A Day In The Life: Brendan Rodgers
The Day In The Life series leading up to the 2014 draft featured many of the highest-drafted prep players, including No. 1 overall pick Brady Aiken (Astros), No. 2 pick Tyler Kolek (Marlins), No. 12 pick Kodi Medeiros (Brewers), No. 24 Cole Tucker (Pirates) and supplemental first-rounder Jacob Gatewood (Brewers).
This episode features potential 2015 first-overall pick Brendan Rodgers.
Even in a draft that could include potential impact arms such as unsigned 2014 No. 1 overall pick Brady Aiken, Duke righthander Mike Matuella and unsigned 2013 first-rounder Phil Bickford, Florida prep shortstop Brendan Rodgers has emerged as the potential top pick after a tremendous summer and fall of showing off his power and strong throwing arm.
But the 6-foot-1, 190-pound Rodgers, for all his work ethic and natural talent, knows he wouldn’t have gotten to this place without some luck.
The Rodgers household was one of soccer players. Brendan’s dad, Greg, played and coached soccer and both of Brendan’s brothers did. But one day, Ralph Nenna, a neighbor of the Rodgers and the father of Brendan’s best friend, asked Brendan to pick up a baseball and just see if he liked the game.
Brendan was five years old. He picked up the ball and hasn’t let it go.
"We didn't do baseball in this family; we're a soccer family," said Julie Rodgers, Brendan’s mother, “but we always say to Ralph, ‘If not because of you, Brendan would not have played baseball.’
“Brendan picked up the little ball and never picked up a soccer ball,” she said.
Brendan played other sports, too, such as basketball, football, but nothing grabbed him like baseball.
“When I was five, six years old in elementary school, I always said I wanted to be a baseball player,” he said. “And people would say, ‘no seriously,’ and I'd say, ‘That's what I want to be.’ It's just believing in myself.”
Now the rising senior, 18, has Major League Baseball believing in him. Rodgers says most of the teams picking near the top of the 2015 draft have already made home visits, telling him they want him.
“But really, there's no pressure. I don't think about where I might end up,” he said.
You might think a teenager who’s had MLB executives into his home on several occasions might get a little starry-eyed or look past the fact that, oh yeah, he still has to play his senior season. But his father said that’s not the case.
“He's kind of low-key, and stays humble,” Greg Rodgers said. “He's working out all the time and he sees the reports and sees the emails, but doesn't say a whole lot about them. Basically, he just continues to work.”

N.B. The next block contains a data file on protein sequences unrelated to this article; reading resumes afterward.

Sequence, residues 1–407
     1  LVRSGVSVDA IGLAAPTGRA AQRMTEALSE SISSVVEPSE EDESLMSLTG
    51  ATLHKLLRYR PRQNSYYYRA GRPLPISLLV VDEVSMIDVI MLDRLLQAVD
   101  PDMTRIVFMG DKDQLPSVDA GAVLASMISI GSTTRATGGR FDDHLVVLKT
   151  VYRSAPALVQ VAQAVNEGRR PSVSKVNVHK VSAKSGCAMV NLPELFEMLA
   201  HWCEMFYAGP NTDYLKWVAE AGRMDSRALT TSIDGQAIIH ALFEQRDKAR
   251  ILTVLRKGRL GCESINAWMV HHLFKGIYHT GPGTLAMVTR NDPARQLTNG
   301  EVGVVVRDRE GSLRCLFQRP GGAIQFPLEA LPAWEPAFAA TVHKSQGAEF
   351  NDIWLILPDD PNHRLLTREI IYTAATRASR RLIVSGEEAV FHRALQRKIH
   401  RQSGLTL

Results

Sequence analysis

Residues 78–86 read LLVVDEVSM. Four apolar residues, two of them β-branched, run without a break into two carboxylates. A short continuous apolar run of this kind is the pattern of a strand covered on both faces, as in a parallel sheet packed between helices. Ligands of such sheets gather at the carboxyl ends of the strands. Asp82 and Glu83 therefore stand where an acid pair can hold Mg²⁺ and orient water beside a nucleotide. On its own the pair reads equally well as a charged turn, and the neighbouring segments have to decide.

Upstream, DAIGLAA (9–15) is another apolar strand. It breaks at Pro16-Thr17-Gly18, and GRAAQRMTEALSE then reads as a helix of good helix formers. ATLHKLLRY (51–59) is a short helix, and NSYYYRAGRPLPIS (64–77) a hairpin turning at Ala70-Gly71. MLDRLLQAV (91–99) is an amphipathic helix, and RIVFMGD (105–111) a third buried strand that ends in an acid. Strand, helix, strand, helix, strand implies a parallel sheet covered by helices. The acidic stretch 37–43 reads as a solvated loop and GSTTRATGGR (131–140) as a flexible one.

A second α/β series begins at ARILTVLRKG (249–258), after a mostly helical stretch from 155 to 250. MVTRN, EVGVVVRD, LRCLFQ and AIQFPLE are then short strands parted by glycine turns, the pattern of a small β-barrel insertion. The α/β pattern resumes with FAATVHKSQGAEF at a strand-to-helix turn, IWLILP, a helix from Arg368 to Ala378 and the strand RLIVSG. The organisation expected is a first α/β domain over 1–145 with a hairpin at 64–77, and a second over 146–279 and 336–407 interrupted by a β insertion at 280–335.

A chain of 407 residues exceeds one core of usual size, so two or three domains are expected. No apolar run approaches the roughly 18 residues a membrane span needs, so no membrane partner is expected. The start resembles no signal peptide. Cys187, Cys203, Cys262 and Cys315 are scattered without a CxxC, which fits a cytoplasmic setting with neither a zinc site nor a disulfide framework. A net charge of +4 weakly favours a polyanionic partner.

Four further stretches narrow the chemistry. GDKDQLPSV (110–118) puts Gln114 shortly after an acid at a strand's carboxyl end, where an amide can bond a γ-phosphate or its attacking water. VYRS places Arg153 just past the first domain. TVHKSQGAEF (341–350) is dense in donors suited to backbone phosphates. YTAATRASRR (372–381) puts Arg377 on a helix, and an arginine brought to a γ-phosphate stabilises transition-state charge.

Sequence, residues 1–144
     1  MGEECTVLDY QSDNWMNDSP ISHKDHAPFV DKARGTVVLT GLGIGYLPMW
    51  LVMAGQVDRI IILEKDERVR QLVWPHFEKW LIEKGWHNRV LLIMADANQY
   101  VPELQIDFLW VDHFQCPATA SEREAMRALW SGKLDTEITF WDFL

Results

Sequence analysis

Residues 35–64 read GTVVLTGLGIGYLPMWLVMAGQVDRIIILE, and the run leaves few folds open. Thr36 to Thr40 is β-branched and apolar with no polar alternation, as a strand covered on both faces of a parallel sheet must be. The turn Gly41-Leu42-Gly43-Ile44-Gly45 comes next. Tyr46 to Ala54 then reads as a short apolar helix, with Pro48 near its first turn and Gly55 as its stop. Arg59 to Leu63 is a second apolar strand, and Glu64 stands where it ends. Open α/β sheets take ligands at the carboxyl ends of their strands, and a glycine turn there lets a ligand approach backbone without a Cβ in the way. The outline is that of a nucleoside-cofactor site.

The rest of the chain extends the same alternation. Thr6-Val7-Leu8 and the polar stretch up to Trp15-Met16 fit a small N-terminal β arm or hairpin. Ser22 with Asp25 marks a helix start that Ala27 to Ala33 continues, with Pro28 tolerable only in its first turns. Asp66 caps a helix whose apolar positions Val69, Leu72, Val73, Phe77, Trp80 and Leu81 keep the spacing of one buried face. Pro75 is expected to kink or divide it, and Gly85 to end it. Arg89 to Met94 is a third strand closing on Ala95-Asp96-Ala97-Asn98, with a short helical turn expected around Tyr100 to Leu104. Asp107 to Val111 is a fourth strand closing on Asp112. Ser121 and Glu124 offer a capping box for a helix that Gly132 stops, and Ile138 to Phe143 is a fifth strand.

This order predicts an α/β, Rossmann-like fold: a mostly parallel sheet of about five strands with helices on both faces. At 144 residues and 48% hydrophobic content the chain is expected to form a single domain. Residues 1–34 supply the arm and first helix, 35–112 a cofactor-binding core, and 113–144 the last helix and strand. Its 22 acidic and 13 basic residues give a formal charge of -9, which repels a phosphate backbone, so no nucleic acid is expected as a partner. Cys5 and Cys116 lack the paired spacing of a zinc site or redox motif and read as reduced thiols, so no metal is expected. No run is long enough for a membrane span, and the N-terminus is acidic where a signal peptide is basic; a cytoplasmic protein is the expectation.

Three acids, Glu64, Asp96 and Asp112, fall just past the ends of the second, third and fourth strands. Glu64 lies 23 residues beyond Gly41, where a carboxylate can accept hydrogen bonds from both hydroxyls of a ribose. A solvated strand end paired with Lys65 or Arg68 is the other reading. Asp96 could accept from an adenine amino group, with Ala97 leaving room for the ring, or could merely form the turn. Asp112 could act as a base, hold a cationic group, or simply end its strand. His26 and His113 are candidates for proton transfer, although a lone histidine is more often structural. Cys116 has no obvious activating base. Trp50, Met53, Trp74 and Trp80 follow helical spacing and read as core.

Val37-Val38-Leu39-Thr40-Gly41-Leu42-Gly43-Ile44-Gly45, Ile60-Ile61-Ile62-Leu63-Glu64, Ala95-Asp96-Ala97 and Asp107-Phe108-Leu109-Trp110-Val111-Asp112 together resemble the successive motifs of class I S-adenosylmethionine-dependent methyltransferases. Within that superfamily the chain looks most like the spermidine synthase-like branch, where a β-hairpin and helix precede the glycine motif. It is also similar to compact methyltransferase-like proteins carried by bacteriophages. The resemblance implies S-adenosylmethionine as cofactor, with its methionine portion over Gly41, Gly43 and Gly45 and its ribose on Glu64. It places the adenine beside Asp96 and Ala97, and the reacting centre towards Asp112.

Rodgers is an advanced high school hitter with great instincts and feel for the game who has the potential to hit for average and power while remaining at shortstop.
Matt Gerber, who has coached Rodgers with the Orlando Scorpions, one of the longest-running travel baseball programs in the country, says scouts sometimes don’t see the other factors.
“One thing that gets overlooked is his leadership qualities,” said Gerber, who said he’s seen hundreds of Rodgers’ at-bats. “With the talent he has, the kids look up to him. He does an extremely good job setting the bar. For me, he's going to stick at shortstop. From what I've heard from scouts, the ceiling is a healthy (Troy) Tulowitzki and the floor is J.J. Hardy.”
Rodgers committed to Florida State after his sophomore year, and despite all that has been written about his chances to be the No. 1 pick, he says he’s well aware of what happened with Brady Aiken’s situation in Houston and says his “eye is still on college.”
“Obviously, my first dream and goal was to be committed to a D-1 program,” he said. “It’s still a very high option.”
Rodgers’ dad says the family has kept in touch with head coach Mike Martin and recruiting coordinator Mike Martin Jr. at FSU and that both sides understand the situation.
“(Brendan) kind of keeps it to himself in the back of his mind,” Greg Rodgers said. “Either way, he's looking to play professional baseball, whether it's June or three years from now.”
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Gerber says area scouts he’s spoken to worry that Rodgers might be overaggressive at the plate, but “he's so strong and so gifted, he hits mistakes out of the park. But he's facing high school pitching. At the next level, if he expanding the zone, that could lead to trouble.”
Still, Gerber says, “The power's there and he can stick at short. He's got all the tools.”
Rodgers’ high school coach, Allen Tuttle, agrees.
“He amazes you at shortstop and hits the ball as far as any shortstop I've seen,” said Tuttle, who’s entering his 32nd year at Lake Mary (Fla.) High. “But he really, really takes pride in his defense. He has a great arm. Come February, this place'll be packed with scouts.”
Despite all that’s been written about his draft status, Rodgers has maintained a low-key approach to this season and beyond.
“I read it all, but I try not to get a big head and just go out and play the game I've played since I was 5.”
That could pay off for him as soon as next June.